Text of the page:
Debunking the Myth: What is Fed-Std-209E’s fate?

by Richard A. Matthews

Myth: US Federal Standard 209E is sacrosanct. It should be left alone.

Reality: US Federal Standard 209E is obsolete. It should be sunset. I was taught never to use a word without fully understanding its meaning. Therefore, offered for clarity, is the Webster's Dictionary definition of sacrosanct: “most sacred; inviolable ….”

Because of my involvement with the ISO Global Cleanroom Standards I am frequently asked, “What is going to happen to US Federal Standard 209E?” Many foreign nations use this document as a referee standard for the air cleanliness levels of their clean space — some as an adjunct to their own national standards and some as a substitute for non-existent national standards. It is not just a document used by United States organizations.

It is important to know its real power base, not its expanded perceived power base. US Federal Standard 209E is a US Government document required to be used only if one is doing business with a US Government agency, i.e., Department of Defense, Department of Energy, U.S. Army, etc. That is its base of power.

Industry chose to utilize US Federal Standard 209E as a referee document per agreement between buyer and seller for commercial contracts because no other viable industrial air cleanliness classification document existed in the US, and Federal Standard 209E (actually US Federal Standard 209 and its earlier iterations.) was already available. Using this document made it easy for industry. It should be noted that such industry use was and is clearly voluntary. Such use is its perceived base of power, both in the US and other nations.

The recent activity of the ISO Technical Committee ISO/TC209 “Cleanrooms and other associated controlled environments” has effectively and in reality made obsolete what is in US Federal Standard 209E. [See “ISO committee turns up the heat,” CleanRooms, December 1999, page 1.] In addition ISO/TC209 offers broader domestic and international appeal.

It is time to sunset US Federal Standard 209E, albeit with warm thanks for a job well done. The sunrise of the stronger ISO/TC209 is an apt, broader and beneficial replacement for the global cleanroom community.

By the way, the complete definition for sacrosanct from Webster is “most sacred; inviolable; —l often ironical.”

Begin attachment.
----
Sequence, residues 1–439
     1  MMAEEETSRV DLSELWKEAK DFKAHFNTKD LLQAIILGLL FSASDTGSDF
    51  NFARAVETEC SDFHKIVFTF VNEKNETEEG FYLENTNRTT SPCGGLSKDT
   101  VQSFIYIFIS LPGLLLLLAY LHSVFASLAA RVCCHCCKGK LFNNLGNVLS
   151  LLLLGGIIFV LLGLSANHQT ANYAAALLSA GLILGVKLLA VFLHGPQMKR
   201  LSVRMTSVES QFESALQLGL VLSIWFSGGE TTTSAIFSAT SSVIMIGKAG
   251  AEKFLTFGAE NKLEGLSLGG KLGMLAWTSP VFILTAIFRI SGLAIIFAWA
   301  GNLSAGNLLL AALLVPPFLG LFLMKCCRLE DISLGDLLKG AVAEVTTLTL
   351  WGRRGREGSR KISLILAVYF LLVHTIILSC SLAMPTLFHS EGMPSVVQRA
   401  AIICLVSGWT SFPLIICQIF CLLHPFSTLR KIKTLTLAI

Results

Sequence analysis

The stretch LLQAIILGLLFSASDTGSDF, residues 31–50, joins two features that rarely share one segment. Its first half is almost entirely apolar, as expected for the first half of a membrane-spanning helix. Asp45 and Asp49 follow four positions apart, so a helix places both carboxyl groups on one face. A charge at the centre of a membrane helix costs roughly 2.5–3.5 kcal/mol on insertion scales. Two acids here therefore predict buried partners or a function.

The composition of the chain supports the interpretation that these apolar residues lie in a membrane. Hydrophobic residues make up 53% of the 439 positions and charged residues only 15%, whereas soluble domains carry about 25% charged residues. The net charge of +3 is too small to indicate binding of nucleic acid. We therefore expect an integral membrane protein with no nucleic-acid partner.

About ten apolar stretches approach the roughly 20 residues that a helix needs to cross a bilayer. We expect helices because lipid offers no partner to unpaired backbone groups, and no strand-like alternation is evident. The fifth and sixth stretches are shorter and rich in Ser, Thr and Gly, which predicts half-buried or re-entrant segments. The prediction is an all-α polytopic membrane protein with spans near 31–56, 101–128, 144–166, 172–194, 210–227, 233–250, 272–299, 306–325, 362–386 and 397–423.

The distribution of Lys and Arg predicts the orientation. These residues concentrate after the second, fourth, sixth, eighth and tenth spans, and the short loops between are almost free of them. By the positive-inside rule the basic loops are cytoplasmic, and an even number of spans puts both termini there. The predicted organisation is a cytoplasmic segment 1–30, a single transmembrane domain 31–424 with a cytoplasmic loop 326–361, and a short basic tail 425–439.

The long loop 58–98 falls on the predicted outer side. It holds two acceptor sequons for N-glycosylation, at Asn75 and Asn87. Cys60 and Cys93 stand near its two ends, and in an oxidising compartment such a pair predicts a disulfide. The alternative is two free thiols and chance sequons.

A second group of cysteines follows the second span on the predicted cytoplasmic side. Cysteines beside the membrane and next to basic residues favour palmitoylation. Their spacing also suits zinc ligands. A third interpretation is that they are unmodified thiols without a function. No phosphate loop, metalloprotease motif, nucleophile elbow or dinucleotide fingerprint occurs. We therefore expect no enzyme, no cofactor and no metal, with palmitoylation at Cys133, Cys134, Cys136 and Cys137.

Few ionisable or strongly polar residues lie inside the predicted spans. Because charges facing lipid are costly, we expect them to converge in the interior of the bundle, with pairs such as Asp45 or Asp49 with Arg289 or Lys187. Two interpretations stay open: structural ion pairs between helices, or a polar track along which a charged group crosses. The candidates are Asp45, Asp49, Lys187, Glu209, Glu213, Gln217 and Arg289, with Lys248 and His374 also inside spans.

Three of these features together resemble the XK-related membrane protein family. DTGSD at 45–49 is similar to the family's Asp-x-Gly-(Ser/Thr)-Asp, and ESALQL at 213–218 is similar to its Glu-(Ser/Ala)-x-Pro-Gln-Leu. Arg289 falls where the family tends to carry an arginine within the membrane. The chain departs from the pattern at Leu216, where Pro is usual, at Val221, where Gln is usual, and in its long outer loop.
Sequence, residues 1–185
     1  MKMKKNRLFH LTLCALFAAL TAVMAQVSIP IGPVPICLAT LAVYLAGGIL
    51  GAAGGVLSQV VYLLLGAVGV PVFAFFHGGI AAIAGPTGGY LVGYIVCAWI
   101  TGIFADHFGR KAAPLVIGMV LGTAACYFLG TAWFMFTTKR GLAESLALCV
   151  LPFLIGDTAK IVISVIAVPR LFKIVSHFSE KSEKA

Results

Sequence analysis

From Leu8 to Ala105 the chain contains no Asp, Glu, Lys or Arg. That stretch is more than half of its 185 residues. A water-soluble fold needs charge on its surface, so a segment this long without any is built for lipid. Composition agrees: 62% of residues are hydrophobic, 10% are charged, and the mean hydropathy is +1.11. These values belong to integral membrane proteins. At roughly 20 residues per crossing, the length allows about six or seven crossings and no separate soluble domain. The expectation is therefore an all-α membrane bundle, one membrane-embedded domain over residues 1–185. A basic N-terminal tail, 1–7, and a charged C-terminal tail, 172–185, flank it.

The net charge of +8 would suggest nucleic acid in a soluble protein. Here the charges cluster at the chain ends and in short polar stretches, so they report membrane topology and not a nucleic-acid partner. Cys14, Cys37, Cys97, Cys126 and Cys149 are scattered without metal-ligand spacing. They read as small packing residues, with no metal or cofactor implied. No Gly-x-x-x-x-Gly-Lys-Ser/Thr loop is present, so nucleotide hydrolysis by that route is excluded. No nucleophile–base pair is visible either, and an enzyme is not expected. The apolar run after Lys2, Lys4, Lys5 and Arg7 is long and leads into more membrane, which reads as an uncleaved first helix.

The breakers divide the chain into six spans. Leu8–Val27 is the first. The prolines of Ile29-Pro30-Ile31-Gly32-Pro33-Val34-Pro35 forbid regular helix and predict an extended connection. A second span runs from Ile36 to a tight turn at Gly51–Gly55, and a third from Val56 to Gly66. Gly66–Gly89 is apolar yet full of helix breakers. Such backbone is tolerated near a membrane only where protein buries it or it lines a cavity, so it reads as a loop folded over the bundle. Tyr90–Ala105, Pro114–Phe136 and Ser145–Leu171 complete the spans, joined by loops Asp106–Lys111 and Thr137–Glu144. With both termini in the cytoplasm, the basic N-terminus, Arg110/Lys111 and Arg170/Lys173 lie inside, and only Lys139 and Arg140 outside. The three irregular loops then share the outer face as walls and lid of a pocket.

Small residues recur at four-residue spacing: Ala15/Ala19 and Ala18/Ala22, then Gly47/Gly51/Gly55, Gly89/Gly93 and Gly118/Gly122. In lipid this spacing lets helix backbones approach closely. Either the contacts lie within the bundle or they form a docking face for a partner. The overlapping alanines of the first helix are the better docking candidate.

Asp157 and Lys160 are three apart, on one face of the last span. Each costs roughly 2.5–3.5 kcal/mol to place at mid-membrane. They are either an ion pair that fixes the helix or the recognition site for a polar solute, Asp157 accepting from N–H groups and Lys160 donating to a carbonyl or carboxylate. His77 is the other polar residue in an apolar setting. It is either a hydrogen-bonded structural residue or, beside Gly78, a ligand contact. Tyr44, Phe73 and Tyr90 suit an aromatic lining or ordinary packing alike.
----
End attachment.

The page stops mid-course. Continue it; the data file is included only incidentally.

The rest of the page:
Richard A. Matthews is founder of Filtration Technology Inc. (Greensboro, NC) and president of Micron Video International. He is chairman of the International Organization for Standardization Technical Committee ISO/TC209 “Cleanrooms and associated clean environments,” and past president of the Institute of Environmental Sciences and Technology. He is on the CleanRooms Editorial Advisory Board.

Lead dog no longer

For years the US was the lead dog in the cleanroom world with its well written US Federal Standard 209 (currently 209E). However that document, last updated in 1992, has been bypassed by global events, some ironically instigated at the behest of the US through the Institute of Environmental Sciences and Technology (IEST).

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As the officially designated party responsible for keeping US Federal Standard 209 current and applicable, the IEST is allowed to derive income from the sale of this document. It can also be bought from the US Government Printing Office, the only other source. It is not a copyrighted document and therefore is easily machine copied.

ISO documents are copyrighted; it is illegal to machine copy such documents and give them away as is being done by some unscrupulous cleanroom community people. These new ISO cleanroom documents can be purchased for a nominal fee from the ISO in Geneva, Switzerland, the American National Standards Institute (ANSI) in New York, or the IEST in Mt. Prospect, IL. The IEST should provide the quickest service because it is the official ISO Secretariat for preparation of these documents. Income to the IEST from the sale of ISO Cleanroom documents helps the IEST develop its industry-specific contamination control recommended practices, which address the non-generic issues not covered by ISO/TC209.

The US is fast becoming the tail on its own lead dog by not swiftly replacing its emphasis on Federal Standard 209E with leadership emphasis on the new ISO/TC209 14644 and 14698 documents. The IEST in particular is losing ISO document income while still fiddling with US Federal Standard 209E. — RAM


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